NEW YORK (TheStreet) -- And just like that, stocks are right back where they were before Ben Bernanke and the Federal Reserve rode to the rescue with QE3 less than a month ago.
It's seem the central bank's generosity is inspiring investors to take profits rather than risks.
The rationale is pretty easy to understand. All three major equity indices began the day up more than 10% in 2012, not a bad year by any stretch, especially when you consider the S&P 500 was basically flat in 2011 and the Nasdaq finished nearly 2% lower.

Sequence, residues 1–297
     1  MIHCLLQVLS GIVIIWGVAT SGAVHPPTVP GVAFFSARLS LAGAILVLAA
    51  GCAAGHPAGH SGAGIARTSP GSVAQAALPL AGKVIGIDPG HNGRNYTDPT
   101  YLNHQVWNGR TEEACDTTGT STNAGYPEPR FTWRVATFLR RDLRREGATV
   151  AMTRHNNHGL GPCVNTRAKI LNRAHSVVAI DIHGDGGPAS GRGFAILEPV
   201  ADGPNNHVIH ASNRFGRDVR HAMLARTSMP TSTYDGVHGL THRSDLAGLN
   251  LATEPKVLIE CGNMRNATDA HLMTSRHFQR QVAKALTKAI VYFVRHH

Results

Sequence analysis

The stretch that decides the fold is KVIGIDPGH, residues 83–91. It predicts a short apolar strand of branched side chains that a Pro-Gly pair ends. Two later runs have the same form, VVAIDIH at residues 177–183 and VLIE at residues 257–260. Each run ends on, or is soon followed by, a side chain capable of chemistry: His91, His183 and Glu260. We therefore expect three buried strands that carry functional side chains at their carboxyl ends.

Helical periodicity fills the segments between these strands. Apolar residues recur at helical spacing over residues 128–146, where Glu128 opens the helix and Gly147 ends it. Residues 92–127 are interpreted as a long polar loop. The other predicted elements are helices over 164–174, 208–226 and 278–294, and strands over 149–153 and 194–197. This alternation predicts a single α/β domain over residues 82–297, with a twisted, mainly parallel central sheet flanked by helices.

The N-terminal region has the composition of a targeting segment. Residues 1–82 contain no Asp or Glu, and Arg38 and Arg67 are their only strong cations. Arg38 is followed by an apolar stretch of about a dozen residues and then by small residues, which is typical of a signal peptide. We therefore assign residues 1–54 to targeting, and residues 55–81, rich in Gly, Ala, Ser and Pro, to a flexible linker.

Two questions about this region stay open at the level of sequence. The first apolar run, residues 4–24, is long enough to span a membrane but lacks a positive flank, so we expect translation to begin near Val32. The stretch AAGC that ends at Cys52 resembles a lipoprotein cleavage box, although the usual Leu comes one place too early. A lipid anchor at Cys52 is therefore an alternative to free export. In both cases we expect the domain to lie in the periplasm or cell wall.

At their peaks in late September, taking some money off the table had to be tempting, especially with what even then promised to be a dismal third-quarter earnings season looming and the uncertainty of the presidential election and fiscal cliff waiting to complicate the end of the year.After all, if you're not going to cash in at multi-year highs, when the Fed has already promised to pull out all stops (meaning there's no more rabbits to pull out of the hat), when are you going to cash in? This week's mutual fund flow data from the Investment Company Institute showed plenty of folks came to a similar conclusion as investors yanked a whopping $10.6 billion out of long-term funds investing in U.S. equities. The outflows are nothing new but that figure is still striking, totaling more than the previous two weeks combined and more than half of the $18.5 billion in total outflows for September. Sam Stovall, chief equity strategist at S&P Capital IQ, is still positive about stocks for the remainder of the year and he chalked the sharp drop of late up to nervousness about just how bad earnings season will be. "Investors have recently adopted a 'wait and flee' attitude toward equities ahead of the Q3 EPS reporting period, which intensifies next week," he said in emailed commentary late Wednesday. "Despite a lessening of the projected y/y decline in Q3 S&P 500 results, according to Capital IQ consensus earnings estimates, share prices have fallen as Wall Street waits for, among other things: 1) Spanish elections and a possible subsequent request for financial aid, 2) U.S. managements' guidance and the possibility that Q3 represents a trough in the EPS slowdown, 3) the U.S. presidential election, which has heated up since the recent debate, and 4) the likelihood of a pre-2013 resolution to the fiscal cliff. We continue to believe equity prices will advance into year-end as successive issues are resolved."
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